The Department of Commerce is working with the National Aerospace Development Center, a non-profit group that helps advance the aviation industry. It won a grant from the U.S. Department of Labor to partner with a handful of states to better equip their work forces for aviation careers. A UNC-Chapel Hill professor, as part of a separate initiative, is helping the state identify its strengths and weaknesses in attracting aerospace employers.
State colleges and universities also are involved. In 2005, the Golden LEAF Foundation, which oversees about $600 million in public funds, awarded $9.3 million in grants, mostly to schools, to help create the N.C. Aerospace Alliance and improve training.
N.C. State University was the biggest beneficiary and has become a recruitment tool for developers. Materials science and engineering professors and students have been working with mechanics at the Cherry Point military base to fix recurring problems with helicopters so that they fly more often. That sparked innovation and caught the industry's attention.
"Folks are going to be attracted to the capabilities that we can provide to the community," said Jerry Cuomo, one of the professors leading the effort.
The Commerce Department is not relying on workforce and infrastructure development alone. It also is trying to make the state more financially attractive.
At the behest of the Commerce Department, Sen. David Hoyle, a Gaston County Democrat, this week introduced legislation that would refund sales and use taxes to companies that make planes or plane parts. "Commerce must have some bait in the water," Hoyle said. "I'm told that there is possibly an opportunity for some major components, major jumbo-airplane parts manufacturing."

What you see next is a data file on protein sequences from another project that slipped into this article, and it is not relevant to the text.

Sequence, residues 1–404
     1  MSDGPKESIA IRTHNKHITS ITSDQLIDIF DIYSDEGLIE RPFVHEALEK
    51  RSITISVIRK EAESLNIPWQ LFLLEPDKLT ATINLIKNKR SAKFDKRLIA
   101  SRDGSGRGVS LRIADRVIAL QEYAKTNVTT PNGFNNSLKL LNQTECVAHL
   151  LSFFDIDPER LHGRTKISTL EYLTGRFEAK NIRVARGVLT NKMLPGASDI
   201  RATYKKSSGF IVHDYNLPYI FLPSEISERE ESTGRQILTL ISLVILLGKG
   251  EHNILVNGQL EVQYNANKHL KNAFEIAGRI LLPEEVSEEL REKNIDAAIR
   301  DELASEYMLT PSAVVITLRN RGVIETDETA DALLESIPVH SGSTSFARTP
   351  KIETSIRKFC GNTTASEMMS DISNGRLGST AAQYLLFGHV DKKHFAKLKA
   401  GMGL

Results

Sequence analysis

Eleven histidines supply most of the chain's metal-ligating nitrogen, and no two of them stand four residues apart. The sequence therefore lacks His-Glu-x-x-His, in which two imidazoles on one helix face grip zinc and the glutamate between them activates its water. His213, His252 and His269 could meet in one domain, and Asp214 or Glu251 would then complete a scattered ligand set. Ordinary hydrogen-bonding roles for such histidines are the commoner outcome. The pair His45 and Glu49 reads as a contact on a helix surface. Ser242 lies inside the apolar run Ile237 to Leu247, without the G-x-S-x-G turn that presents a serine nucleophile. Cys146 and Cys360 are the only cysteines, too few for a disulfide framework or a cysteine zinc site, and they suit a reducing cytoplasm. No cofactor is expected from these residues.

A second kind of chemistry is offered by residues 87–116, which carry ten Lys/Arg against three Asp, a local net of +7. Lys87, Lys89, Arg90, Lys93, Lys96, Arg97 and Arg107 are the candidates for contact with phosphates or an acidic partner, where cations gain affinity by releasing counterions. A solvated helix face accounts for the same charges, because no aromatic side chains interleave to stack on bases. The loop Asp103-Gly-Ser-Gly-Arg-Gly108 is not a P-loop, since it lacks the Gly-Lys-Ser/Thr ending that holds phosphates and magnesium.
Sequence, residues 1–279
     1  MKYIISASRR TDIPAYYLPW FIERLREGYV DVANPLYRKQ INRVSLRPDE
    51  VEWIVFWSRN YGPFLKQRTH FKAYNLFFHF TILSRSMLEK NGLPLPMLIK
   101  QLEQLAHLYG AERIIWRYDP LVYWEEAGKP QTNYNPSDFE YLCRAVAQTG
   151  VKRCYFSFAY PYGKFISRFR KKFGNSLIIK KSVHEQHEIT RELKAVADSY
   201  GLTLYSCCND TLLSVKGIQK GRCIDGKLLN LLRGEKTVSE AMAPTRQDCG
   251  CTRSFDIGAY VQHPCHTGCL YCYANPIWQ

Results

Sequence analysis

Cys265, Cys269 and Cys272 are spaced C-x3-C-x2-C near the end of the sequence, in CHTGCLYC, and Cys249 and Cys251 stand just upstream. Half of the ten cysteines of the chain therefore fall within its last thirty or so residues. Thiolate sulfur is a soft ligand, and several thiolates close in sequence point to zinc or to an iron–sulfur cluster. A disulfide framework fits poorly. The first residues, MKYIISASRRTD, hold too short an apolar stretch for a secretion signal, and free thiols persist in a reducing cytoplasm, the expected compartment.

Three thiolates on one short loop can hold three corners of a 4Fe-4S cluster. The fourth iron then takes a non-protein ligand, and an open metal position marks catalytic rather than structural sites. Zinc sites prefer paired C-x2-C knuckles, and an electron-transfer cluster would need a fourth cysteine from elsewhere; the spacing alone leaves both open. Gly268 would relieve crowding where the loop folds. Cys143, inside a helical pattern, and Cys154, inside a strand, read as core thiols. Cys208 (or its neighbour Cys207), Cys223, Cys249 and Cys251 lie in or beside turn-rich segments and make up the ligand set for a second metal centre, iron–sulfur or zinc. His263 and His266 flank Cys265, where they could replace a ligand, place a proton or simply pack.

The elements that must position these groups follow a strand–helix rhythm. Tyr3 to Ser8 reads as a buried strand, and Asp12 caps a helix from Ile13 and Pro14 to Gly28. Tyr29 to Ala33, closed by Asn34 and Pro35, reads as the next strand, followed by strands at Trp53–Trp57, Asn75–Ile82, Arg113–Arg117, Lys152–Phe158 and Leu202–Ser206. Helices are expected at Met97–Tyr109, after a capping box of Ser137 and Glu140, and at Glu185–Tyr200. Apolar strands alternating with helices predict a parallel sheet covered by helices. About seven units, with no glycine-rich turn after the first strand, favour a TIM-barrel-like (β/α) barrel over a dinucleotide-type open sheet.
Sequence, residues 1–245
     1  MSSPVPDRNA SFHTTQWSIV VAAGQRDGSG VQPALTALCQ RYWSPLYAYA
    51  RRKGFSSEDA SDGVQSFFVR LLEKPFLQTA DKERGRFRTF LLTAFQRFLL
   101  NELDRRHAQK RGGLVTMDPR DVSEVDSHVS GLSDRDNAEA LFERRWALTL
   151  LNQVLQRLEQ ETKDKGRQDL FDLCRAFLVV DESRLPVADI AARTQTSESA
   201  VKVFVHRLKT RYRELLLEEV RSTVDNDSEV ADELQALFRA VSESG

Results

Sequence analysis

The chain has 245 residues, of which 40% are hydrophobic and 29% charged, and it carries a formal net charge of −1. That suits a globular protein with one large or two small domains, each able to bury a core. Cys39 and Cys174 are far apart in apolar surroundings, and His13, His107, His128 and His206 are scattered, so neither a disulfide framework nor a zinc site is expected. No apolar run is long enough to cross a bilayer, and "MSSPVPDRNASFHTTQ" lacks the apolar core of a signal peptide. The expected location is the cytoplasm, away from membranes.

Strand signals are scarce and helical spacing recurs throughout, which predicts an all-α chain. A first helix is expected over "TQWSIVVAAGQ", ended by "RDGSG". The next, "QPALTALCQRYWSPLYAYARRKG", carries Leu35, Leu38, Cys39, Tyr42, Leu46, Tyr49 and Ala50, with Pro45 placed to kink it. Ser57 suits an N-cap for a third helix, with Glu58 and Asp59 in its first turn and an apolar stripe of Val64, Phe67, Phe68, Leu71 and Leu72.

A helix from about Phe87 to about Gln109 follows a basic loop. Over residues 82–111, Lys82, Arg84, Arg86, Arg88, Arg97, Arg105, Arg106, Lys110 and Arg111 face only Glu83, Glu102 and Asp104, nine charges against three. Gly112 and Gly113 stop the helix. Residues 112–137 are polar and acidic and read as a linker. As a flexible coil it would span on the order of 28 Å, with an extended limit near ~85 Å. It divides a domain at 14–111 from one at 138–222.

Hoyle said he didn't know which company was involved. Commerce Secretary Jim Fain, who said he is spending more time on aviation projects, wouldn't comment on any active efforts.
Some companies, though, aren't shy about their ambitions. General Electric makes large jet engines in Durham and plans to add about 40 workers this year to its 270-person staff.
DRS Technologies, which overhauls C-130 cargo planes for the Coast Guard in Elizabeth City and employs 200, wants to "continue the march into North Carolina," said Mitchell Rambler, president of DRS Technical Services. Elizabeth City hopes to use DRS's presence to attract other employers. It recently won a $3.5 million state grant to expand its airport.
AVIATION COMPANIES IN NORTH CAROLINA
North Carolina already has aviation companies across the state. Here are four of the larger ones.
- Goodrich. The Charlotte-based company sells products and services to aircraft and engine makers, airlines and the military. It employs more than 22,000 people worldwide.
- Timco Aviation Services. At its Greensboro facility, the company services and overhauls airliners. It employs about 1,700 at that facility.
- General Electric. The company manufactures large jet engines in Durham, where it employs about 270. It also has an operation in Wilmington.
- DRS Technologies. At its Elizabeth City facility, the company overhauls C-130 transports for the Coast Guard. It employs about 200 workers there.
(THE COMPANIES, GREENSBORO ECONOMIC DEVELOPMENT ALLIANCE)